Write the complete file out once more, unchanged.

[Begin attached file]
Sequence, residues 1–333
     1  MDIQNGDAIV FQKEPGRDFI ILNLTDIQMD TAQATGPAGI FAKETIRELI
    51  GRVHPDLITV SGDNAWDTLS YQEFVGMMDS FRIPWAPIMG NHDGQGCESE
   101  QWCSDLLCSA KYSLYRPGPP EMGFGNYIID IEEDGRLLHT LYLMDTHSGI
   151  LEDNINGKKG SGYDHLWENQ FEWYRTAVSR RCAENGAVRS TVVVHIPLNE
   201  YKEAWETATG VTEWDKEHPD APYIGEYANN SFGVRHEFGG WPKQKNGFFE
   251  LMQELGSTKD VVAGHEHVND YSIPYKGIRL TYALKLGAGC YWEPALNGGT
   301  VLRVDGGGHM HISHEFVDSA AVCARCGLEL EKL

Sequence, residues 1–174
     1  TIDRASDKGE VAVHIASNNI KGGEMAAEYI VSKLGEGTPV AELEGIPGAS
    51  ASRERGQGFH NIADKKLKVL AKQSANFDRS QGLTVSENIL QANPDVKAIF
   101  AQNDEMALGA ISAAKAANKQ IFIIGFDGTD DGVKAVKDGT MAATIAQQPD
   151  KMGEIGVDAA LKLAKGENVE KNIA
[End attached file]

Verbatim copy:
Sequence, residues 1–333
     1  MDIQNGDAIV FQKEPGRDFI ILNLTDIQMD TAQATGPAGI FAKETIRELI
    51  GRVHPDLITV SGDNAWDTLS YQEFVGMMDS FRIPWAPIMG NHDGQGCESE
   101  QWCSDLLCSA KYSLYRPGPP EMGFGNYIID IEEDGRLLHT LYLMDTHSGI
   151  LEDNINGKKG SGYDHLWENQ FEWYRTAVSR RCAENGAVRS TVVVHIPLNE
   201  YKEAWETATG VTEWDKEHPD APYIGEYANN SFGVRHEFGG WPKQKNGFFE
   251  LMQELGSTKD VVAGHEHVND YSIPYKGIRL TYALKLGAGC YWEPALNGGT
   301  VLRVDGGGHM HISHEFVDSA AVCARCGLEL EKL

Sequence, residues 1–174
     1  TIDRASDKGE VAVHIASNNI KGGEMAAEYI VSKLGEGTPV AELEGIPGAS
    51  ASRERGQGFH NIADKKLKVL AKQSANFDRS QGLTVSENIL QANPDVKAIF
   101  AQNDEMALGA ISAAKAANKQ IFIIGFDGTD DGVKAVKDGT MAATIAQQPD
   151  KMGEIGVDAA LKLAKGENVE KNIA